With the current recessionary ripples brought on by the pandemic, the war in Ukraine, and supply chain disruptions, businesses have been struggling to acquire customers and boost revenue. 

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The digital marketing landscape has served as a beacon of hope in these uncertain times, but as we approach the cookie-less world of 2024, businesses may find themselves struggling yet again. 

The looming threat of the cookie apocalypse demands attention, and businesses must act now to adapt and thrive in the post-cookie era.
AP Photo/Ng Han Guan
A woman walks past the logo for Google at the China International Import Expo in Shanghai, November 2018AP Photo/Ng Han Guan

The parallels are clear — just as the pandemic disrupted the global economy, the cookie-less world is expected to disrupt digital marketing channels, making it even more difficult for businesses to acquire customers and drive revenue. 

The looming threat of the cookie apocalypse demands attention, and businesses must act now to adapt and thrive in the post-cookie era.

Africa might get to get its cake and eat it, too — unlike Europe

Since email addresses, and not mobile phone numbers, have traditionally been the unique identifiers for digital services in Europe, this limits the multiple sources that can be utilised to identify and track customers.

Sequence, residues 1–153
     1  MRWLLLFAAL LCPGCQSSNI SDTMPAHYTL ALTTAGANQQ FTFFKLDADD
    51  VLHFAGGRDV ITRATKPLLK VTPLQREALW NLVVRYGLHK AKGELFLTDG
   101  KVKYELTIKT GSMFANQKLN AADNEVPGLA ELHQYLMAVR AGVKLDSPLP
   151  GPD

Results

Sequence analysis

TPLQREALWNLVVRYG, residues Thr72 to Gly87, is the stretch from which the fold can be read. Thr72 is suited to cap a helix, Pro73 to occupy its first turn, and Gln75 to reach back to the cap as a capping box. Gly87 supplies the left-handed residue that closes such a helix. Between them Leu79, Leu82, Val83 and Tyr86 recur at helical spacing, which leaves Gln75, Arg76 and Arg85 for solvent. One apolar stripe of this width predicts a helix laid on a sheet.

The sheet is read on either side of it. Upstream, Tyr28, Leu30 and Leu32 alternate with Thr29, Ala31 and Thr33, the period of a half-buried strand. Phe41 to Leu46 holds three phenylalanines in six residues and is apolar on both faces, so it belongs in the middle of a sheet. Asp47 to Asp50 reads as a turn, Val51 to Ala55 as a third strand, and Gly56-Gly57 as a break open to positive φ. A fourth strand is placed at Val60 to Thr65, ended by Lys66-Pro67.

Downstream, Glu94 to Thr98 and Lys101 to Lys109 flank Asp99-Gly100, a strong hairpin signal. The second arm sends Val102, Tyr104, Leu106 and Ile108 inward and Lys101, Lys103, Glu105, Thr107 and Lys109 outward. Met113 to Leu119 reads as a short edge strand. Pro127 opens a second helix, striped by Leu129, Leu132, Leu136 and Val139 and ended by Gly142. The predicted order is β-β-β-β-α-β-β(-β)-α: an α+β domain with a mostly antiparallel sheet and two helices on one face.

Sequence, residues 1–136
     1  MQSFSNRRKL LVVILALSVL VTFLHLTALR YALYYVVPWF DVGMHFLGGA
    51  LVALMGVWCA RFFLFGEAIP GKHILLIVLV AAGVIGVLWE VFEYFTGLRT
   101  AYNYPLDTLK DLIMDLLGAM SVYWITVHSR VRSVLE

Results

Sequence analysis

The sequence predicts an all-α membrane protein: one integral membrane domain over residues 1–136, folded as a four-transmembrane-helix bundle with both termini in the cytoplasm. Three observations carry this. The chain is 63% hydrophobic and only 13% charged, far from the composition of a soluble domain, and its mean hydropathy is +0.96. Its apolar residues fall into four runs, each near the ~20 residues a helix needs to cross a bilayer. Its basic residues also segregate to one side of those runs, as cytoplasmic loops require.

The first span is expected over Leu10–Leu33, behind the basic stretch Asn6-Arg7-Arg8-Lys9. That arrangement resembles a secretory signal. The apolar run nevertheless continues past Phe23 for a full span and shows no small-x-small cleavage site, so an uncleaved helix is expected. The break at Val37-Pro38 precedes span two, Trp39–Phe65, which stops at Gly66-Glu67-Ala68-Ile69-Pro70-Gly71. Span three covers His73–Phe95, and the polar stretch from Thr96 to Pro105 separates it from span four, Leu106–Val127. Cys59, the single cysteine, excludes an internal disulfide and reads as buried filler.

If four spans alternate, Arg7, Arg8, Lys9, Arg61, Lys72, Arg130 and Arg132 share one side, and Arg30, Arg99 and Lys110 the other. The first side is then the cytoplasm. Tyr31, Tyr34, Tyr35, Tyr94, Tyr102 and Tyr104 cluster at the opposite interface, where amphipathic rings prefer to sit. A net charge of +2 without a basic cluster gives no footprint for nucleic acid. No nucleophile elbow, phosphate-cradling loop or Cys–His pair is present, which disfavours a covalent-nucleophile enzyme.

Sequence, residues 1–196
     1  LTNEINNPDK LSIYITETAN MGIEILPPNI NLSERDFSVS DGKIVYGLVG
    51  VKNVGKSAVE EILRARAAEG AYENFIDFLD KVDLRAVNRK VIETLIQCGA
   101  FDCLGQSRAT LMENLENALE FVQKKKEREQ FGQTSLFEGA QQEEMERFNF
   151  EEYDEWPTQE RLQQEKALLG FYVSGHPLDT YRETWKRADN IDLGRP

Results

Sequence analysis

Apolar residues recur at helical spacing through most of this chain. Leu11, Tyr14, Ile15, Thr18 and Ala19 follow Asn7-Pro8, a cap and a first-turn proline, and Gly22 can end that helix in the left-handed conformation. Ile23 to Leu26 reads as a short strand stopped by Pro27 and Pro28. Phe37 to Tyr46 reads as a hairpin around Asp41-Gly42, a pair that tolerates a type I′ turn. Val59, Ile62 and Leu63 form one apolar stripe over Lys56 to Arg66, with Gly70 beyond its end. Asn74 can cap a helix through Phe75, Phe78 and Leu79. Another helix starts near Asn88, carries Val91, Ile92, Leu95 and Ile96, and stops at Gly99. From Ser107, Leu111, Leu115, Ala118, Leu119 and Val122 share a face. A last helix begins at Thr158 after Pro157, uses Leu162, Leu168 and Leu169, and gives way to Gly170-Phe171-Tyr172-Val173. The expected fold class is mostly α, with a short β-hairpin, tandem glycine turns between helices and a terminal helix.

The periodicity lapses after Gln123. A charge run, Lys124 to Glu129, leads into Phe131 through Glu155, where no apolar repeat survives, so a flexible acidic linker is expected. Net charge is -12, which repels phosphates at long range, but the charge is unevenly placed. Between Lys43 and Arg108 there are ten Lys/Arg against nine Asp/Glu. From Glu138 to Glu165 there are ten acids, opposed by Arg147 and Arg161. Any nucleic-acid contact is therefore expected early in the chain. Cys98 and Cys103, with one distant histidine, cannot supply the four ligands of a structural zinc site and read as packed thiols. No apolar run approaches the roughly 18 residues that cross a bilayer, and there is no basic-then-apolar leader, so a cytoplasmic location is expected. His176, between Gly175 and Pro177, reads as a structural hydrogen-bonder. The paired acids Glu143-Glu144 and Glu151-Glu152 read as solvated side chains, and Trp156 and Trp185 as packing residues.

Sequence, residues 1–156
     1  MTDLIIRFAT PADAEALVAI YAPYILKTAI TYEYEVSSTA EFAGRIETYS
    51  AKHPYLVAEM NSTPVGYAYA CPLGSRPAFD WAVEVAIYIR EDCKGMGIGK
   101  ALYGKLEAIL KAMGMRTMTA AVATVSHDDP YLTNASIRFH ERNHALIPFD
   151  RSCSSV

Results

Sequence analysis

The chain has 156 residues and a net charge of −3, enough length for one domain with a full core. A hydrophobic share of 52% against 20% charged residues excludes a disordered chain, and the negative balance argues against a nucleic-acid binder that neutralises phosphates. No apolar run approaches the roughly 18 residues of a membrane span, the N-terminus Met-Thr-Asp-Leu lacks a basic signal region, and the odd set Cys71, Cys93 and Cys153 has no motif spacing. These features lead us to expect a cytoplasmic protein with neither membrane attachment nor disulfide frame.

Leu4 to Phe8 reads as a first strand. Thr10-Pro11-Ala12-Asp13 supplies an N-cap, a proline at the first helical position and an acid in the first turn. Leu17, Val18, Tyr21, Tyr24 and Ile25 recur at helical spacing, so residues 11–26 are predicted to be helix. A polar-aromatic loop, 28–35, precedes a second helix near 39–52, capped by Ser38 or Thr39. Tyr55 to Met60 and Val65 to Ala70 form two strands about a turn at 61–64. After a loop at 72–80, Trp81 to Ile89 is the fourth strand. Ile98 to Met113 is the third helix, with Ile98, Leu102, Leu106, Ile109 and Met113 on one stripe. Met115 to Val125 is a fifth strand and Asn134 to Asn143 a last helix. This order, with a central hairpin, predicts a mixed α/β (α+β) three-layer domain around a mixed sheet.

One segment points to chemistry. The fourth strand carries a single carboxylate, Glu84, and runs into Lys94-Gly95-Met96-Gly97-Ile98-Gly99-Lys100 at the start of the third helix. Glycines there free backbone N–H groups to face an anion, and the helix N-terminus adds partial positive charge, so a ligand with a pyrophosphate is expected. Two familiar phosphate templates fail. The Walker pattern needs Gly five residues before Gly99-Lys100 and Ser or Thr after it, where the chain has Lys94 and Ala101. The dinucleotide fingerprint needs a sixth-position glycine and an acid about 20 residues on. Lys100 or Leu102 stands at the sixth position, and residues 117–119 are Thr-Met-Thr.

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As a result, Europe and the Global North, in general, find themselves on the back foot.

This is where Africa excels. Africa remains a mobile-only continent and has experienced significant growth in mobile and internet connectivity in recent years.

Nearly half a billion users subscribe to mobile services in Africa, and mobile numbers remain the unique identifiers for digital services as many users do not have email addresses.

This ... puts Africa in an enviable position to scale the impending disruptive events on the horizon.
AP Photo/Ben Curtis
A woman looks at her smartphone at a polling station in Daura, Nigeria, March 2015AP Photo/Ben Curtis

This structure puts Africa in an enviable position to scale the impending disruptive events on the horizon.